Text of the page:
Stephane Dion, National Post
Published: Thursday, October 26, 2006

Before entering politics, more than 10 years ago, I maintained that we Quebecers could be described as forming a nation, in the civic and sociological sense of the term. Last Saturday, however, I voted against the resolution put forward by the Quebec wing of the Liberal Party of Canada calling for the party to undertake the necessary steps toward a formal recognition of Quebec as a nation.

Before we ask other Canadians to support such a formal recognition (in the constitution, no doubt) we should first of all determine what we expect from such a recognition. Hiding behind the apparent consensus in Quebec on this question are at least three disagreements.

- First question: Are Quebecers the only nation to be recognized within Canada, or will we accept that other groups, heartened by our example, be given the same recognition? Will the pressure exercised by an undetermined number of groups in Canada, including groups in Quebec, to be recognized as nations lead us to conclude that our own national recognition has been trivialized or diluted?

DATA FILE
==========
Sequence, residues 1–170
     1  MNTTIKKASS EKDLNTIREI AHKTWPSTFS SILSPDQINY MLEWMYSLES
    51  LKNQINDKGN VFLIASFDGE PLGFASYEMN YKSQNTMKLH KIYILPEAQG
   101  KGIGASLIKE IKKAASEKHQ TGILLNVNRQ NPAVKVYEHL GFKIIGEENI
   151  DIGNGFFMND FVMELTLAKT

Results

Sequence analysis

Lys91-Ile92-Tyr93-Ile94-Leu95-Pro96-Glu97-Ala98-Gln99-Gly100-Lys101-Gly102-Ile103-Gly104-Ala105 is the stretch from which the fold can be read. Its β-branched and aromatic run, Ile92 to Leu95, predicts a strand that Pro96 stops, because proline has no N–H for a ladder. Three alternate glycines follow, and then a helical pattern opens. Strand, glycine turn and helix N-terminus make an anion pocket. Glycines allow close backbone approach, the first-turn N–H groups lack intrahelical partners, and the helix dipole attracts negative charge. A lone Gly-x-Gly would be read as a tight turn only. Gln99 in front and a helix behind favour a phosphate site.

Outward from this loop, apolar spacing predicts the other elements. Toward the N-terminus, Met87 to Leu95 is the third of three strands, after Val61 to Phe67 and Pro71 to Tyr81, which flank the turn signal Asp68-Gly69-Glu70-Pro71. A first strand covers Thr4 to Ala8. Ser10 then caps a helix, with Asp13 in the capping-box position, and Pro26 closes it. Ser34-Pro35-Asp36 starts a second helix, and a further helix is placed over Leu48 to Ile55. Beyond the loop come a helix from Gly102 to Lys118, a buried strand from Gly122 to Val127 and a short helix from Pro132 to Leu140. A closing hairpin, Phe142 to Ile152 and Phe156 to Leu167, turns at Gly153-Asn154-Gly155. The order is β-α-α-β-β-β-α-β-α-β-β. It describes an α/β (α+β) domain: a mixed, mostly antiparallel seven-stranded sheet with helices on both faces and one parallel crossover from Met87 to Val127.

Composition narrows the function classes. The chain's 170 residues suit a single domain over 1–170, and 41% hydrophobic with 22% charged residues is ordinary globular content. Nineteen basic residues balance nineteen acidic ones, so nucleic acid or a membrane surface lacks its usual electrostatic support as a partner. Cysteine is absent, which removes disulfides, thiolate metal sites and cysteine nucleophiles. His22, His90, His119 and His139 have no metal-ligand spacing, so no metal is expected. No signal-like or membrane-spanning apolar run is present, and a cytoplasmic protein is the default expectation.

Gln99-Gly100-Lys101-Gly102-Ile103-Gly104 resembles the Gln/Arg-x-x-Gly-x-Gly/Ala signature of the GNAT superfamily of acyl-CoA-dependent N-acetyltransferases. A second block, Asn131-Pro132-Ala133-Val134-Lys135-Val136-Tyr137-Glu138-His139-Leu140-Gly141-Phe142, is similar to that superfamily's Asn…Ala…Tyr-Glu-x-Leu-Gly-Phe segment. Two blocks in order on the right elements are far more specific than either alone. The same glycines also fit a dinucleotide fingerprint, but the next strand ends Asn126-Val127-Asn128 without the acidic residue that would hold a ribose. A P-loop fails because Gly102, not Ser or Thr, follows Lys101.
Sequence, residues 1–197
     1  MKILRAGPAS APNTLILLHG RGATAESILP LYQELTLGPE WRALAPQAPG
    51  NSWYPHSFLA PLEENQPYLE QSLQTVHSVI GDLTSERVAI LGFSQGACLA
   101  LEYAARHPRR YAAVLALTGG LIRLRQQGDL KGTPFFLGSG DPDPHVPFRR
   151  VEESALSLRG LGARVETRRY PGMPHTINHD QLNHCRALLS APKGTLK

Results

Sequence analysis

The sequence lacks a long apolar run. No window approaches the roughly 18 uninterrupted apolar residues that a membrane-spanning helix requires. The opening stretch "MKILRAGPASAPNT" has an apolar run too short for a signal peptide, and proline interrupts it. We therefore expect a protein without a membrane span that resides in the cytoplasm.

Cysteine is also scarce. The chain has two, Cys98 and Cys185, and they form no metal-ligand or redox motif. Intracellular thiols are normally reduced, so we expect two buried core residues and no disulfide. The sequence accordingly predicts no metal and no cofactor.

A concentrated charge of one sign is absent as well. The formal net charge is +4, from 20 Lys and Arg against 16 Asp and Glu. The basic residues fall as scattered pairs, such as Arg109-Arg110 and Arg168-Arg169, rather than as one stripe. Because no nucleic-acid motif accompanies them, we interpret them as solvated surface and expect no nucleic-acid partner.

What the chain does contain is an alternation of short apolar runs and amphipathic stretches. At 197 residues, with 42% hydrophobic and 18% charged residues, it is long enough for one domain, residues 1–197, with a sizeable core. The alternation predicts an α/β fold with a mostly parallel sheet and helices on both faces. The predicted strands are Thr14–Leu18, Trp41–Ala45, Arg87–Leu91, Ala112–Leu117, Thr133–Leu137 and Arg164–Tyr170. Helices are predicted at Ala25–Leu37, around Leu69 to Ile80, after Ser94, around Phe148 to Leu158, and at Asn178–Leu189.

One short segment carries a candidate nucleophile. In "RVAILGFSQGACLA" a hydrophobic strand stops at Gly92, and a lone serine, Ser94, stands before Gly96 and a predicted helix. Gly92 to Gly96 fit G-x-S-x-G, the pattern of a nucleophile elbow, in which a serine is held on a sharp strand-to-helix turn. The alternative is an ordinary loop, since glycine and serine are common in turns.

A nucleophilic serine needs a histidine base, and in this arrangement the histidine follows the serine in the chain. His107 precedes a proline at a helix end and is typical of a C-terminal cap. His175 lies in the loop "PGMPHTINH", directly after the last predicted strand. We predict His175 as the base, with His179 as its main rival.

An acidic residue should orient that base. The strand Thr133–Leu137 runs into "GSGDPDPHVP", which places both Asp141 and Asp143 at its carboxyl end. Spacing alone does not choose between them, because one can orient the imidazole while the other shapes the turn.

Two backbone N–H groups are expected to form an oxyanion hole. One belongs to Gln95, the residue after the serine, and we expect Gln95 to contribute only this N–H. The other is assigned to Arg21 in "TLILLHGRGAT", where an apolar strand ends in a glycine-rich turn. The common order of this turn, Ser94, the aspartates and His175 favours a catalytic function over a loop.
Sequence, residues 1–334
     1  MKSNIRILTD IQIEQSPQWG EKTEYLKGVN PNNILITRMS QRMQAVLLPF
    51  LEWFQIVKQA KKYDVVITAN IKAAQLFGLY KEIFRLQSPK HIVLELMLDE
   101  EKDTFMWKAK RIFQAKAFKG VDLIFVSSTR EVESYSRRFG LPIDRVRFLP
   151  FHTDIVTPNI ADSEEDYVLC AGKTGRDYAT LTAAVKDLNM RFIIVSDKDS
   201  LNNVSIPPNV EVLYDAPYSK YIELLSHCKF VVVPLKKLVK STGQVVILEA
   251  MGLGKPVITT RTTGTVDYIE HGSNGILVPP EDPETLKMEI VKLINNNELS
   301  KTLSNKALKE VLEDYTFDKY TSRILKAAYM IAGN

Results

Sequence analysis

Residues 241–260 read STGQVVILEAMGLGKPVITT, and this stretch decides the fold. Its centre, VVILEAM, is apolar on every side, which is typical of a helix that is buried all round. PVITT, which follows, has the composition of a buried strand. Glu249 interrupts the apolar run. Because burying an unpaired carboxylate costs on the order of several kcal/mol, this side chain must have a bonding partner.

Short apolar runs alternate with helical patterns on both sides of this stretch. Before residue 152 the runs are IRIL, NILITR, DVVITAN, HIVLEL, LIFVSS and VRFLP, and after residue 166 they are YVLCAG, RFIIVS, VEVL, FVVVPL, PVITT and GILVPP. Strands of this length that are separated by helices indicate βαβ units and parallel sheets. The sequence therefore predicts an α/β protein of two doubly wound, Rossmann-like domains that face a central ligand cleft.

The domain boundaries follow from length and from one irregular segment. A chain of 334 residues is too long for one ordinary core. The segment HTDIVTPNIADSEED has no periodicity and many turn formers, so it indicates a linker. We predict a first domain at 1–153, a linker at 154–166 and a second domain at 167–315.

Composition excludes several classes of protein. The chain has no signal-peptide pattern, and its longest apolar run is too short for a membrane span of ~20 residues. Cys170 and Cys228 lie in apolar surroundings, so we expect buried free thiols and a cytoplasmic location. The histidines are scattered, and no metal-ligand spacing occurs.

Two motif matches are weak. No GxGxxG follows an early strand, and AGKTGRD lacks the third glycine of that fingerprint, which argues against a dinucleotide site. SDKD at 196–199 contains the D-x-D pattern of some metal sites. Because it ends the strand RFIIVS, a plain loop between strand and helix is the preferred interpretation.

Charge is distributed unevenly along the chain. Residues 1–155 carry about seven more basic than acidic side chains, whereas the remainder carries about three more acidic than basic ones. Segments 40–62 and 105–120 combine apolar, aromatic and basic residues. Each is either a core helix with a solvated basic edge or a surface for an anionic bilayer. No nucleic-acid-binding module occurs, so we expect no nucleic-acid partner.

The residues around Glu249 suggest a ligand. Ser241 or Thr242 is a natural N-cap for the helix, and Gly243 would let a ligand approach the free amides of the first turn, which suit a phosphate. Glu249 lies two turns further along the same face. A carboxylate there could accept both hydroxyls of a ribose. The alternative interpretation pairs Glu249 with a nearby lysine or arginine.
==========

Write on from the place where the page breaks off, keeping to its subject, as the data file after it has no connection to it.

- Second question: Is this recognition necessary or is it merely desirable? Those who say it is necessary must follow their reasoning to its conclusion: If we Quebecers do not obtain this recognition then we must leave Canada. Indeed, one cannot live without something that is necessary.

Those who say that, on the contrary, this recognition would only be a good thing to obtain should not place it at the heart of the Canadian unity debate. You do not break up a country on account of something that is good but not necessary.

- Third question: Do we want this recognition to be purely symbolic or do we want it to lead to concrete consequences on, say, the division of powers or the allocation of public funds? And how does this approach square with the previous question? It is contradictory to affirm that the recognition of Quebec as a nation is necessary but purely symbolic. But that is the untenable position Michael Ignatieff has decided to advocate. Gilles Duceppe, the Bloc Quebecois leader, and Claude Morin, the former PQ minister, have already responded that if the recognition of Quebec as a nation in Canada is important then it must bring about "something" beyond symbolism.